Chinese city bans Tesla cars from entering ahead of crucial ‘summer summit’


A Tesla panel is seen at its factory in Shanghai, China. (Case)


Tesla cars have been banned from entering the Chinese coastal city of Beidaihe, site of the crucial annual meeting of Chinese leaders, for two months from July 1.

The information was confirmed by an official from the Beidaihe Traffic Police Brigade, who said an official announcement would be made soon, UK-based media reported.

The traditional Beidaihe meeting, or “Summer Summit” as Chinese viewers call it, is held annually in the resort town of Hebei province, where Chinese leaders from previous generations gather in an informal setting to discuss closed-door conversations on key national issues. problems, the South China Morning Post reported.

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The Beidaihe meeting takes place every year from the end of July to the beginning of August.

Tesla’s car ban comes before raising security concerns over cameras fitted to its vehicles, sparking spying apprehensions in the country amid the summer summit.

Tesla’s third model has eight cameras and millimeter wave radar, and 12 ultrasonic sensors.

Recently in Chengdu, Tesla cars were diverted from areas coinciding with Chinese President Xi Jinping. Last year, the Chinese military banned them from entering its premises.

Police are also forcing Tesla owners to sign a recognizance stating “I, ____ promise to pledge that from 1.7.22 to 31.8.22, I will not drive the car with the plate number ____ and enter any Beidaihe District or would not drive the car inside Beidaihe District, and further undertakes that the actual user of the car bearing this license plate will also abide by this undertaking.”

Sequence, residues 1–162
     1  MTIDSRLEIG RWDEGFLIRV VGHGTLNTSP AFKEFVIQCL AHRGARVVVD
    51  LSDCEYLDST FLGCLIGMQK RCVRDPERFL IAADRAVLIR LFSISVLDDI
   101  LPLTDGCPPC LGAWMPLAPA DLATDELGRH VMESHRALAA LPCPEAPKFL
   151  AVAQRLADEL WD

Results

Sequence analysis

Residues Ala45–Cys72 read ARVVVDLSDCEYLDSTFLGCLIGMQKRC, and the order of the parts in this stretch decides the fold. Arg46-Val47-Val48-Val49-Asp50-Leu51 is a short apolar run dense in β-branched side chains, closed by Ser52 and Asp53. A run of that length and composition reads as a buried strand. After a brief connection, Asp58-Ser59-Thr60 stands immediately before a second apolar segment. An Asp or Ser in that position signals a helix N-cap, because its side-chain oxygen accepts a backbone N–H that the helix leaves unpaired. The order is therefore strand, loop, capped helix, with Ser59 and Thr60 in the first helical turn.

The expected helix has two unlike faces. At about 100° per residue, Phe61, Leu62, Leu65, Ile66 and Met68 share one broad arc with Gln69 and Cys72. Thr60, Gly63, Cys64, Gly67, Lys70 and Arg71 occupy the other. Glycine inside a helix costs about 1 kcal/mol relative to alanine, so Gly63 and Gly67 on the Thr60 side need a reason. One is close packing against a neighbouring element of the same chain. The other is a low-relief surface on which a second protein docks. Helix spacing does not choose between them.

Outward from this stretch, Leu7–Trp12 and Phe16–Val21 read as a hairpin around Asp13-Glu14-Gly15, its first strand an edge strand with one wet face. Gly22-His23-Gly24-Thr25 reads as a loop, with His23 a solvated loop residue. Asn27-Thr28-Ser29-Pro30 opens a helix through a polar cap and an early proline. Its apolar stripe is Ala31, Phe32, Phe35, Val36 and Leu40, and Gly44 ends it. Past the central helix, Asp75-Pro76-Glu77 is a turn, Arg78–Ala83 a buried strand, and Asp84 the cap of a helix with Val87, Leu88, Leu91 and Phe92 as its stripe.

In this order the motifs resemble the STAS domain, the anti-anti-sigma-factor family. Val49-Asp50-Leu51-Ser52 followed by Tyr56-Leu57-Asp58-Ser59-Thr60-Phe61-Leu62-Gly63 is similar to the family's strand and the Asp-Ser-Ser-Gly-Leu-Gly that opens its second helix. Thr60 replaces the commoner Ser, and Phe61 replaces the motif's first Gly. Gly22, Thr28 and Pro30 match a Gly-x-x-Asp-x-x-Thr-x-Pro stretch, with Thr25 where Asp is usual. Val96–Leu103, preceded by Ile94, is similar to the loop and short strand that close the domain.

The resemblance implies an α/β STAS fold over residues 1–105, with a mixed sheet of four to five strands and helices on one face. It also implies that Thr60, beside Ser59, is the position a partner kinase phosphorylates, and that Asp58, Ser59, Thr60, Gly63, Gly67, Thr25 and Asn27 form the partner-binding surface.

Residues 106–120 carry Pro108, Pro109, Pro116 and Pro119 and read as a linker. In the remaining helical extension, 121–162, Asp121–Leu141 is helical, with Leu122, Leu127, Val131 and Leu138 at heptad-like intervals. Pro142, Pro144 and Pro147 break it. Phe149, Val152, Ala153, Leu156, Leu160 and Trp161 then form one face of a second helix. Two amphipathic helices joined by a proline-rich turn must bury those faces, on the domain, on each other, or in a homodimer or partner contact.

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With the Beidaihe meeting scheduled for July, Xi focused on anti-corruption matters.

On June 17, Wang Like, a former member of the Standing Committee of the Jiangsu Provincial Party Committee and the Jiangsu Provincial Political and Legal Affairs Commission, was charged with bribery, harboring and complicity with mafia organizations and of forging identity documents at the Intermediate People’s Center in Changchun City. court, Xinhua reported.

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On the same day, the Politburo convened a study session focused on fighting corruption and urging senior managers to act responsibly.

On June 19, the CPC General Office issued the “Regulations on the Management of Spouses, Children and Spouses of Children of Senior Officials to Manage Business and Enterprises.”

With the lawsuits against the likes of Wang Like and Xiao Jianhua, Xi may try to intimidate potential challengers and rival factions by emphasizing anti-corruption issues at this critical juncture ahead of the Beidaihe summit.

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